Twas seventy years ago, the first day of high school. In what seemed like a huge old rock building, there were halls, open rooms, stairways up to the second floor, stairways down to the basement, people of all sizes and all ages. Many smiles offering help, many frowns wondering where to start – registration, of course. It’s the longest line moving forward one at a time – signing up for required courses and classrooms, pondering the one or two courses to choose. Then the number and the key to the locker where students stored a coat, books, supplies such as notebooks, pencils and pens, knapsacks and later lunch or a snack.
Found the locker, the key worked, and a voice next door said, “Hi.” I replied, “Hi.” The only words exchanged for weeks. He was tall, with blond wavy hair, smiling blue eyes, a soft quiet voice, serious about the locker and its key. For weeks we only exchanged “Hi.”
He played football and basketball. I had no interest in either. I spent hours in the library and at the local newspaper writing “The High School News.” I was on my way to being a journalist.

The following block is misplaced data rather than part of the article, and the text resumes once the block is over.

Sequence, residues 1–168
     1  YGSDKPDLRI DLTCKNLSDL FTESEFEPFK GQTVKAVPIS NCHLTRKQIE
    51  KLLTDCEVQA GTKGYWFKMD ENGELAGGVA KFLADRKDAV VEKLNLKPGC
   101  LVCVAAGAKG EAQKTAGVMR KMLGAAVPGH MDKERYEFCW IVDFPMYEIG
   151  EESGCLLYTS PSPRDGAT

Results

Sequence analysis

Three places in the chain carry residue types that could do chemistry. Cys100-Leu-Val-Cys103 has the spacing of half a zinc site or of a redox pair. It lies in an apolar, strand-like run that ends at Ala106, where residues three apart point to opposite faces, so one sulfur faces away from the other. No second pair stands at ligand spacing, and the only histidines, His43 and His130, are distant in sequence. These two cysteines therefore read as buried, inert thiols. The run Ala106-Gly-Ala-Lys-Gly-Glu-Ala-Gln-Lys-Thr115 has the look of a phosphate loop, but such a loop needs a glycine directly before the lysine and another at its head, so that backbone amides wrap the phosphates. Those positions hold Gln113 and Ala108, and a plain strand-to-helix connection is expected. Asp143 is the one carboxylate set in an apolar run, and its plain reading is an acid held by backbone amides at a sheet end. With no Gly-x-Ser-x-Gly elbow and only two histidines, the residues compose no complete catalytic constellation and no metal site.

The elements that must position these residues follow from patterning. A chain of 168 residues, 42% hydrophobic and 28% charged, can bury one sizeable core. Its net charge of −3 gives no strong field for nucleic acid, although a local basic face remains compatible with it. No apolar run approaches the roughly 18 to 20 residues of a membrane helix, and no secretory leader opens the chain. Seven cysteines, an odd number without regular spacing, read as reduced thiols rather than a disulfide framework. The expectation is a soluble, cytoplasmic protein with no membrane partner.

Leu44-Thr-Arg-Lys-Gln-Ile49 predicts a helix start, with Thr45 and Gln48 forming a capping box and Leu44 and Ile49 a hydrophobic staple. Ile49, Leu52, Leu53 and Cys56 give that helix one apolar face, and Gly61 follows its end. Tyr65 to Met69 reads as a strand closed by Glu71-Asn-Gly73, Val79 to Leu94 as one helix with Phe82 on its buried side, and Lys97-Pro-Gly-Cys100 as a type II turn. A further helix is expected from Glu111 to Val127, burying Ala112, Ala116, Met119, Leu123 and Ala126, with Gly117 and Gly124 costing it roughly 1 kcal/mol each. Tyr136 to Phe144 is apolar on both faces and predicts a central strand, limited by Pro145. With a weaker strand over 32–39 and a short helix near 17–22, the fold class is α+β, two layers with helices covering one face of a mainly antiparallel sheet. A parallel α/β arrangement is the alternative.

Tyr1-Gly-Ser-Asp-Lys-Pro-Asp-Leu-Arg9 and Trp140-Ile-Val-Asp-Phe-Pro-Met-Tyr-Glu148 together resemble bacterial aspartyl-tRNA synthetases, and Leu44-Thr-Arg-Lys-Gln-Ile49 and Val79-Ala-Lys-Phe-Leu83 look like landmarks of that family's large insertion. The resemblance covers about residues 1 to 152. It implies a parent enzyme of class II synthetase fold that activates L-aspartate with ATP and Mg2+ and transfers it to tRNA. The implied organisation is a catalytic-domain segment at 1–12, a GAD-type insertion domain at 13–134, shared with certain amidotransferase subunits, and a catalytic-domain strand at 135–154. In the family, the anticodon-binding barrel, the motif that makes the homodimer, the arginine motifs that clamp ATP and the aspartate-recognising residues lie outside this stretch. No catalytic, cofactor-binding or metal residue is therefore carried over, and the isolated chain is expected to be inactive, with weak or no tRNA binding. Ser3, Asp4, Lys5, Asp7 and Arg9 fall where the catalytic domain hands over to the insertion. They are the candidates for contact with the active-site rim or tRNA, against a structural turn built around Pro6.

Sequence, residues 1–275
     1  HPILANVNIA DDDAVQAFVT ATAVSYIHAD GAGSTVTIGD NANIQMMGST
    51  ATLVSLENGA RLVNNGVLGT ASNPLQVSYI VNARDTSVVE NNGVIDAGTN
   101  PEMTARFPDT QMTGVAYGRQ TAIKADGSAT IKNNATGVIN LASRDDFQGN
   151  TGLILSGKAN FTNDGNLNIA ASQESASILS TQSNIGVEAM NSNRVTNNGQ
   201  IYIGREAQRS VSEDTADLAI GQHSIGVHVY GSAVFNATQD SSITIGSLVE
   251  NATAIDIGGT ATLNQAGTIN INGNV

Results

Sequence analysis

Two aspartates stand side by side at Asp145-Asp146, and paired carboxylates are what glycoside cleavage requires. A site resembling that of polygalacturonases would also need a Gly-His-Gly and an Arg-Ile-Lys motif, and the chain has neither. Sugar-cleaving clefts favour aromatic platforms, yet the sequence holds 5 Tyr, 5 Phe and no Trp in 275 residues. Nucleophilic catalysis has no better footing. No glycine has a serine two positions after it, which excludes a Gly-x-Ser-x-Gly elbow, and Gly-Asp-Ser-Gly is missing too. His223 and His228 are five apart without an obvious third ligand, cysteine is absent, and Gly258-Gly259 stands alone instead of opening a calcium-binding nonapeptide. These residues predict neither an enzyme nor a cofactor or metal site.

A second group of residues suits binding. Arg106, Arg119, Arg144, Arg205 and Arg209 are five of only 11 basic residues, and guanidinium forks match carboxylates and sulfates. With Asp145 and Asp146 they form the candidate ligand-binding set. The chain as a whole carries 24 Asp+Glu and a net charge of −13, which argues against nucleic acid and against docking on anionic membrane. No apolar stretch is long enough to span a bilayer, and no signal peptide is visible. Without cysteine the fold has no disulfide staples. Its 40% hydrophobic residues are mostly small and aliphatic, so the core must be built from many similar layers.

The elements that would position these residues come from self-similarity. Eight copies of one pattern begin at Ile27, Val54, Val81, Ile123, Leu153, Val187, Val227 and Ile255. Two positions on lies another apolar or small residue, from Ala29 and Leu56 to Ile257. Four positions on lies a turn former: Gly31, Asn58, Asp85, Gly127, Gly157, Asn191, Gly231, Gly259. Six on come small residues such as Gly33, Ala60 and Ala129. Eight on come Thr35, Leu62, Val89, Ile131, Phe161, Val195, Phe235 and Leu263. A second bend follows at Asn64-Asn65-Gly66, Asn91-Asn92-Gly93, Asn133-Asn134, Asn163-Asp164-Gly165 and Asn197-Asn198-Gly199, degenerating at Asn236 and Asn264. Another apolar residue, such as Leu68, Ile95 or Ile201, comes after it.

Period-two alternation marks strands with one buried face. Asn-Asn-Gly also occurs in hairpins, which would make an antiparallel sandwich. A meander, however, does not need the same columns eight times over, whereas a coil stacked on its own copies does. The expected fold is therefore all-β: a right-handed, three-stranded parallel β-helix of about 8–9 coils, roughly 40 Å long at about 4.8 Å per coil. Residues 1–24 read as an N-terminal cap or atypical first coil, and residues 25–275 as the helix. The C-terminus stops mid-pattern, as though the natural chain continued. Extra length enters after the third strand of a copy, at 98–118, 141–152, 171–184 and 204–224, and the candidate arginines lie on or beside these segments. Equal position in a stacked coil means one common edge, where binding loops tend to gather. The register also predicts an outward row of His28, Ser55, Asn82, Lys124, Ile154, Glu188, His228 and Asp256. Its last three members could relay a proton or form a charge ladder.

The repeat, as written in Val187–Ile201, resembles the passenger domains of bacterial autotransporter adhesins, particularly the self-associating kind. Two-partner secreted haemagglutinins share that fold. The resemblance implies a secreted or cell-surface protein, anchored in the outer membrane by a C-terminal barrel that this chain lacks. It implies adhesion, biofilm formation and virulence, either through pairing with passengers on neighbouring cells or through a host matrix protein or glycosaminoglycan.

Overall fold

The year passed and now the sophomore year found my girl friend and me in the required physics class. We believed if we just showed up on time every day, we’d get by. The boy whose locker was next to mine and his friend lived for the physics experiments. So we four teamed up – the boys solved the experiments and we girls wrote the progress. All four of us passed, glad to have that done. Still only, “Hi.”
The junior year found the two of us in English and social studies together. Seated by the teacher, we were next to each other. Conversation and debate were about politics, government, world problems and solutions. We got beyond “Hi” but always on the opposite side of any issue. He seemed disorganized and unprepared. I was always “just the facts.” Somehow he always delivered the last, winning statement.
Come January of our senior year, I found the world forever changed. Standing in a crowd at the railroad station, between my two parents, we watched a long line of boys (young men, really) toss bags over their shoulders, and step up into the train with only a quick wave. No “Hi” no “Goodbye.” The train chugged, clattered off into a small dot on the far horizon.
No more than “Hi,” never a date, never at the same event. How could we know our future was here, waiting for us to wake up and speak more than “Hi?”
The rest is history – a long history. Sixty-five years of memorable history. And I cherish every memory.